## Functional analysis. – Relationship between two different functions: $lVert p ^ – max} _ {- varepsilon} rVert$ and $kappa_ {p} ^ {- 1} (1- varepsilon)$

Given a non-negative sequence $$p = (p_i) _ {i in mathbb {N}} in ell_1$$ such that $$lVert p rVert_1 = 1$$, we define the following two quantities, for each $$varepsilon in (0,1)$$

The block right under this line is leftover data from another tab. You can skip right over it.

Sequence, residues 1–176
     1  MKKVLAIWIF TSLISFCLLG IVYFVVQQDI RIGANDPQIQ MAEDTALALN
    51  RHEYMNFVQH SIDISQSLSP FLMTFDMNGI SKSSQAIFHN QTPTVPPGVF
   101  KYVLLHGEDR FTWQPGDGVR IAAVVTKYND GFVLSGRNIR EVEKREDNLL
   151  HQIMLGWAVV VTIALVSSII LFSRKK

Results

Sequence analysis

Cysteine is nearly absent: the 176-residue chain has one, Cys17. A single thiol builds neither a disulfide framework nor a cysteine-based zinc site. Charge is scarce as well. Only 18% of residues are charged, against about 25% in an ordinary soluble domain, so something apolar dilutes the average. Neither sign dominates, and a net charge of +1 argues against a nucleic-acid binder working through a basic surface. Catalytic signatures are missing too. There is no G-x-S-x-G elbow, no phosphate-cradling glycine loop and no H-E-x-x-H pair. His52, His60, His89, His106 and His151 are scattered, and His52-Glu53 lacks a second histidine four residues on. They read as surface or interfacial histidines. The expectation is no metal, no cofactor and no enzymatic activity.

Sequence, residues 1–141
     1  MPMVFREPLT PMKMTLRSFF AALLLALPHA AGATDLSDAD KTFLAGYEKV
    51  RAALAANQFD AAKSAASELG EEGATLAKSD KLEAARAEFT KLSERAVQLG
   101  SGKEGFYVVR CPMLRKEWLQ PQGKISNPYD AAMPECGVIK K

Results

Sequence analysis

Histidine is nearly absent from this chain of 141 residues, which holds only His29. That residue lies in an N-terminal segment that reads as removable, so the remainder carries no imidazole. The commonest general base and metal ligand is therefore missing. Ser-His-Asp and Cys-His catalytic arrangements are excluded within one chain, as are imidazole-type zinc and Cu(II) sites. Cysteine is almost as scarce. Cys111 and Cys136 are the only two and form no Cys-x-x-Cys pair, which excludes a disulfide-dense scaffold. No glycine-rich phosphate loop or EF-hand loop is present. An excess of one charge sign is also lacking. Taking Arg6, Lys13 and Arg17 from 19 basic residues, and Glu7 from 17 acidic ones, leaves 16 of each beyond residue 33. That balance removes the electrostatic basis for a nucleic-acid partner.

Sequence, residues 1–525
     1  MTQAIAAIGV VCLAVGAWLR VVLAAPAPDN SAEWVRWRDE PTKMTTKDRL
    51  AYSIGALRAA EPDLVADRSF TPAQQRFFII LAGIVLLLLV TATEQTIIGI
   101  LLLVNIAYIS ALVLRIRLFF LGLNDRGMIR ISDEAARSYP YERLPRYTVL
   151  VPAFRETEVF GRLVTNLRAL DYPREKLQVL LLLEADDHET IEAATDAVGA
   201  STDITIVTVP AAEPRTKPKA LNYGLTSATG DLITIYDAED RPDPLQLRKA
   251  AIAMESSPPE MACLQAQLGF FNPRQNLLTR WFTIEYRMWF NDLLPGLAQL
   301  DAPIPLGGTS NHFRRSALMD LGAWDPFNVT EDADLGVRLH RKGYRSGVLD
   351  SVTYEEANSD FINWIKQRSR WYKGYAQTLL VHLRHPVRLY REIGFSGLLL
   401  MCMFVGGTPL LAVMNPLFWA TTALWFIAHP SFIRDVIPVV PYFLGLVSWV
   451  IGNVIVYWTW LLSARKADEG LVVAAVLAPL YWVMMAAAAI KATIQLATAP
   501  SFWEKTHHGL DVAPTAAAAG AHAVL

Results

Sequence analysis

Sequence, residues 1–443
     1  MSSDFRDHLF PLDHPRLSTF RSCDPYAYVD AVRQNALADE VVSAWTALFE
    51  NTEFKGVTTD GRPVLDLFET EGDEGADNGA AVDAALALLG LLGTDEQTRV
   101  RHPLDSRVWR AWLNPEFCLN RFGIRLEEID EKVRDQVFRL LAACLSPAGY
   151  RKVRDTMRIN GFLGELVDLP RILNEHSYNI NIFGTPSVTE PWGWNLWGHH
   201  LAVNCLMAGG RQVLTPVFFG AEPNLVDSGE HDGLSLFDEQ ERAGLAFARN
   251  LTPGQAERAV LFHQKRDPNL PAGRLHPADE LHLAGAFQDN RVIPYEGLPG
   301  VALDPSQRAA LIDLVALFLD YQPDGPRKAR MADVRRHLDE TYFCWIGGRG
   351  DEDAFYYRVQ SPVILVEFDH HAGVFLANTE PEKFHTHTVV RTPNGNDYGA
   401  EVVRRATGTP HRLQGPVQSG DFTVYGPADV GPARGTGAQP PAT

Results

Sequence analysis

$. 1. Assuming, without loss of generality, that $$p$$ It's not growing, come on $$k geq 1$$ be the smallest integer such that $$sum_ {i geq k} leq varepsilon$$. Then we define $$Phi ( varepsilon, p): = left ( sum_ {i = 2} ^ {k-1} p_i ^ {2/3} right) ^ {3/2} tag {1}$$ that is, the $$2/3$$-quasinorm $$lVert p _ {- varepsilon} ^ {- max {}} rVert_ {2/3}$$ vector $$p ^ {- max {}} _ {- varepsilon}$$ obtained by removing the largest element and the $$varepsilon$$tail of $$p$$. 2. Defining, for $$t> 0$$, the $$K$$-functional between $$ell_1$$ Y $$ell_2$$ $$kappa_p (t) = inf_ {a + b = p} lVert a rVert_1 + t rVert b rVert_2$$ and leaving $$Psi ( varepsilon, p): = kappa_p ^ {- 1} (1- varepsilon) tag {2}$$ (right reverse, IIRC) So, can we prove the upper and lower limits by relating (1) and (2)? Recent works of Valiant and Valiant [1] and Blais, Canonne, and Gur [2] imply this relationship in a rather indirect way (for $$p$$The non-trivial point masses, that is, say, $$lVert p rVert_2 <1/2$$) (By showing that both quantities "approximately characterize" the complexity of the sample of a particular hypothesis test problem in $$p$$ seen as a discrete probability distribution), but a direct the proof of such a relationship is not known (at least for me), even if it is only a loose one. Is there a related direct test (upper and lower limits)? $$Phi ( cdot, p)$$ Y $$Psi ( cdot, p)$$, from the way $$forall p text {s.t. } lVert p rVert_2 ll 1, forall x, qquad x ^ alpha Phi (c x, p) leq Psi (c x, p) leq x ^ beta Phi (C x, p)$$ ? [2] (Following some previous work by Montgomery-Smith [3]) shows a relationship between (2) and a third quantity that is interpolated between $$ell_1$$ Y $$ell_2$$ rules $$T in mathbb {N} mapsto lVert p rVert_ {Q (T)}: = sup { sum_ {j = 1} ^ T left ( sum_ {i in A_j p_i ^ 2} right) ^ {1/2} A_1, dots, A_t text {partition} mathbb {N} } tag {3}$$ as for all $$t> 0$$ such that $$t ^ 2 in mathbb {N}$$, $$lVert p rVert_ {Q (t ^ 2)} leq kappa_p (t) leq lVert p rVert_ {Q (2t ^ 2)}.$$ [1] Gregory Valiant and Paul Valiant. An automatic inequality tester and an optimal identity test instance. SIAM Journal on Computing 46: 1, 429-455. 2017 [2] Eric Blais, ClĂ©ment Canonne and Tom Gur. Distribution of lower limit tests by reducing the complexity of the communication. ACM Transactions on Computation Theory (TOCT), 11 (2), 2019. [3] Stephen J. Montgomery-Smith. The distribution of the Rademacher sums. Proceedings of the American Mathematical Society, 109 (2): 517-522, 1990. ## dnd 5e – Is there a functional difference between having an indicated climbing speed and being able to climb at the maximum walking speed? The normal rules for scaling state that: Each foot of movement costs 1 extra foot (2 extra feet in difficult terrain) when you are climbing, swimming or crawling. Ignore this additional cost if you have a climbing speed and use it to climb, or a swimming speed and use it to swim. At the DM's option, climbing a slippery vertical surface or one with few grabs requires a successful Force (Athletics) test. Similarly, gaining any distance in turbulent waters may require a successful Force (Athletics) test. (noting that the version of the basic rules of the same neglects to clarify that you really have to use your climbing speed to benefit, and accidentally suggests that your climbing speed mentioned is irrelevant if your walking speed is faster) The robber thief archetype has the ability to work second story that provides the following benefit: When you choose this archetype in the 3rd level, you get the ability to scale faster than normal; Climbing no longer costs you more movement. The Athlete feat, as one of its benefits, offers the same effect: The climbing does not cost you additional movement. As far as I can tell, a third-level thief or an athlete functionally has an ascent speed equal to their normal walking speed, but they definitely do not. at present Have a climbing speed. Unlike previous editions, having a climbing speed does not seem to offer any additional benefits, such as a bonus to skill / skill tests made to climb in difficult circumstances. Is there any mechanical difference between having a real climbing speed equal to the walking speed or having the ability to climb with your walking speed without penalty? Are there other abilities or effects to which a character may be subject when the distinction is significant? ## inequalities – a simple functional inequality Is there any general solution to the functional inequality f (x * y)? <= f(x) + f(y) . where x and y are in [0,1]? I can find many particular solutions but I just wonder if there is a general description of functions f satisfying such inequation. I have the following conditions 1) f : [0,1] -> R 2) f is not negative in [0,1] 2) f (1) is bounded 3) f is once continuously differentiable in (0,1) Thanks for any suggestions ## Functional analysis. Convergence of the regression coefficients to the probability density. By simulation we create a vector. $$Y = (y_1, y_2, …, y_n)$$where each $$y_i in R$$ it is extracted independently of a given non-degenerate distribution. Next we create a vector by simulation. $$xi = ( xi_1, xi_2, …, xi_n)$$ where each $$xi_i$$ are independent realizations of a random variable that takes only a finite number of values $$[alpha_1,alpha_2,…alpha_k]$$ with probabilities $$p_1, p_2, …, p_k$$ respectively. $$alpha_i$$ They are given. Suppose we have function $$f: R a R$$ We make a regression of$$begin {bmatrix} f (y_1 + xi_1) \ f (y_2 + xi_2) \ … \ f (y_n + xi_n) end {bmatrix}$$ in $$begin {bmatrix} f (y_1 + alpha_1) & f (y_1 + alpha_2) & … & f (y_1 + alpha_k) \ f (y_2 + alpha_1) & f (y_2 + alpha_2) & … & f (y_2 + alpha_k) \ … and … and … and … \ f (y_n + alpha_1) & f (y_n + alpha_2) & … & f (y_n + alpha_k) end {bmatrix}$$ By regression I mean we are optimizing. $$beta_i$$ minimize: $$sum_ {i = 1} ^ n (f (Y + xi) – sum_ {j = 1} ^ k beta_jf (Y + alpha_j)) ^ 2$$ Intuitively I think that as $$n a infty$$ The least squares procedure should give us the following equation: $$f (Y + xi) = p_1 * f (Y + alpha_1) + p_2 * f (Y + alpha_2) + … + p_k * f (Y + alpha_k)$$ where $$f (Y + xi)$$ Y $$f (Y + alpha_i)$$ they are only representations of vector columns above. So my guess is that as $$n a infty, beta_i a p_i$$. My question is what conditions should be imposed on the function. $$f$$ to get the equation above? Is it my correct intuition that we should normally get such an equation? Maybe we need to impose some conditions on the distribution of $$y_i$$ also. ## java – Name functional functions map type I'm working in a library that needs two. Map-as functions: one is assigned from the current type to another type, the other is assigned from the current type to a known destination type that must be reached at some point: class assignor { SomeType map (Function mapper SomeOtherType mapTo (Function mapper }  Keep in mind that this is an extremely small example and that this question is not about whether these two variants are necessary or not, I'm just looking for a good name for Map Y map for that best convey what these functions are doing as Map Y map for do not do this I was looking for other examples on the web but alternatives like tube or process Do not describe the functionality better. I can not overload Map with the two definitions due to the elimination of java types. Is there a term that I do not know that can correspond to these two functions? ## Functional analysis – Hilbert spaces and linear subspaces. Let X and Y be linear subspaces of a Hilbert space $$mathcal {H}$$. $$\$$ Remember that $$\$$ $$X + Y$$ = {$$x + y: x in X, and in Y$$} $$\$$ Show that $$\$$ $$(X + Y) ^ bot$$ = $$X ^ bot cap Y ^ bot$$ $$\$$ I tried to solve the problem in the following way;$$\$$ Leave $$z in (X + Y) ^ bot$$, Yes$$;$$ $$for all$$ $$x + y in (X + Y)$$ we have $$= 0$$. What if $$x + y neq 0$$, this implies $$z = 0$$.Thus $$(X + Y) ^ bot = z = 0$$. $$\$$ Again from $$= 0$$, we have $$= += 0$$. Which it involves $$z in X ^ bot$$ Y $$z in Y ^ bot$$. A) Yes $$X ^ bot cap Y ^ bot = z = 0$$. $$\$$ Thus, $$(X + Y) ^ bot$$ = $$X ^ bot cap Y ^ bot$$. $$\$$ I do not know if my work is logically correct. Your comments and suggestions would be greatly appreciated. Thank you. ## nt.number theory – What is the most direct test of the Riemann hypothesis for Dirichlet's L functions on functional fields? Leave $$mathbb {F}$$ be a finite field of order $$q$$, leave $$m$$ Be an irreducible polynomial in the ring. $$mathbb {F}[T]$$, and let $$chi$$ be a character module of Dirichlet $$m$$. Define the Dirichlet function field. $$L$$-function $$L (s, chi): = sum & # 39; _f frac { chi (f)} {| f | ^ s}$$ where the sum is about single polynomials in $$mathbb {F}[T]$$Y $$| f | = q ^ { mathrm {deg} (f)}$$ It is the usual assessment. The Riemann hypothesis for this. $$L$$-function states that the non-trivial zeros of this $$L$$-function everyone is on the line $$mathrm {Re} (s) = frac {1} {2}$$. An equivalent form of this result is that the error term in the prime number theorem for arithmetic progressions is a square root type in the function field configuration. The only way I know how to prove this is to prove that such Dirichlet $$L$$-function can be multiplied with another Dirichlet $$L$$-functions or zeta functions to create (up to some local factors) a zeta function Dedekind over some finite extension of $$mathbb {F}[T]$$, which is essentially the local zeta function of some curve over $$mathbb {F}$$, and at this point any of the usual HR tests can be used for such curves (Weil, Bombieri-Stepanov, etc.). But to obtain the finite extension, either I must resort to some general theorem in the theory of class fields (existence of fields of ray class, which I understand to be a difficult result) or construct the extension explicitly using Carlitz modules or something equivalent to those modules. (The latter is discussed, for example, in the response to this other publication of MathOverflow). My question is whether there is a more direct way to establish RH for the Dirichlet L functions on the function fields without having to locate an appropriate field extension (or if there is some "soft" way to abstractly demonstrate the existence of such extension without a lot of effort). For example, is it possible to interpret the Dirichlet? $$L$$-It works directly as the zeta function of some. $$ell$$Wrong sheaf? Or can the elementary methods of the Stepanov type be adapted directly to the Dirichlet? $$L$$-function (or maybe the product of everything $$L$$-Function of the given module. $$m$$? ## Functional analysis. Does this ideal in$ B (L_1) $have a correct approximate identity (bounded)? I will take an indirect way of defining this ideal, because (a) this route is the way my collaborators and I get to it (b) this alternative definition, instead of the standard, can suggest a direct attack on the question asked in title. Notational conventions: $$L_p$$ It's a short hand for $$L_p ([0,1]$$ with the measure of Lebesgue in $$[0,1]$$. Yes $$E$$ It is then a Banach space. $$L_ infty (E)$$ It denotes the space of essentially delimited and strongly measurable functions. $$[0,1] a E$$ (equivalence module a.e.). In the case where $$E = L_1$$, we will consider elements of space. $$A = L_ infty (L_1)$$ As functions of two variables that are $$L_ infty$$ at second variable and $$L_1$$ at First variable. This convention has the advantage that given $$f in A$$ Y $$xi in L_1$$ We can define $$T_f ( xi) in L_1$$ by $$T_f ( xi) (s) = int_0 ^ 1 f (s, y) xi (y) , dy$$ The map $$f mapsto T_f$$ It is an isometric incrustation of $$A$$ as a closed subalgebra of $$B (L_1)$$. By die $$f, g in A$$, We can define $$(f g) (s, t) = int_0 ^ 1 f (s, x) g (x, t) , dt$$ So $$f glet in A$$ Y $$T_fT_g = T_ {f glet g}$$. The picture of $$A$$ in $$B (L_1)$$ Under this inlay, which we will denote by $$J$$, turns out to be an object very studied in the theory of the operators in $$L_1$$: Is the set of representable operators of $$L_1$$ Likewise. QUESTION: does $$J$$ (or the equivalent $$(A, )$$) Do you have an approximate identity of bounded right? What happens if we eliminate the delimitation requirement? Keep in mind that the naive attempt to take simple functions in $$L_ infty (L_1)$$ that approximate the "Dirac" measure concentrated on the diagonal in $$[0,1]^ 2$$ will not work, because such functions are sent through our incorporation into elements of $$K (L_1)$$, which is adequately contained in $$J$$ (look down). Some observations for the background context, which may be relevant for a solution. It can be shown that $$J$$ it does not have an approximate identity to the left (limited or otherwise). I would like to thank W. B. Johnson for indicating why this is the case; Below is an expanded and paraphrased version of his explanation. From some theory of vector measurement, we know that $$J$$ contains the ideal $$W (L_1)$$ of weakly compact operators. Further, $$J$$ is contained in the ideal $$CC (L_1)$$ of completely continuous operators; "completely continuous" means that weakly convergent sequences are assigned to the convergent sequences of the norm). (The containment $$J subseteq CC (L_1)$$ it follows from a Lewis and Stegall theorem, which characterizes the operators in $$J$$ as those that factor through $$ell_1$$. This also shows that $$J$$ is a $$2$$from an ideal side in $$B (L_1)$$, not just a subalgebra. It follows that if $$S in W (L_1)$$ Y $$T in J$$, so $$TS in K (L_1)$$. Since there are weakly compact operators $$S$$ in $$L_1$$ that are not compact (for example, take any non-compact map $$L_1 a ell_2$$ and then compose with an isometric incrustation. $$ell_2 a L_1$$), it follows that there is no network $$(T_ alpha)$$ in $$J$$ such that $$Vert T_ alpha S – S Vert to 0$$. ## Functional analysis of fa – Projection of a function$ f in L ^ 1 ( Omega) $in a subspace of finite dimension Suppose $$Omega subset Bbb R ^ n$$ be a domain such that $$| Omega | < infty$$, $$f in L ^ 1 ( Omega)$$. Leave $$Y = text {span} {g_1, dots, g_k }$$. Is there a characterization of the set of projections of $$f$$ on $$Y$$, that is, the whole $$M$$ of everything $$g in Y$$ such that $$int_ Omega | f (x) – g (x) | dx = inf_ {h in Y} int_ Omega | f (x) – h (x) | dx,$$ or the equivalent, $$M = text {argmin} { int_ Omega | f (x) – g (x) | dx: g in Y }$$? Similar problem in $$L ^ 2$$ (minimizing $$int_ Omega | f (x) – g (x) | ^ 2 dx$$) is very easy to solve since we have internal product there. However, as $$L ^ 1$$ The norm is not strictly convex, our whole. $$M$$ It needs to contain a single element in general. The solution to $$1$$three-dimensional case $$Y = text {span} {1 }$$ it is well known, that is, $$g = c$$ where $$c in Bbb R$$ is any median of $$f$$. Is there a complete treatment of this type of problem anywhere? Thanks in advance. ## Functional equations –$ 2f (x) = f (y) Rightarrow 2f (tx) = f (ty) \$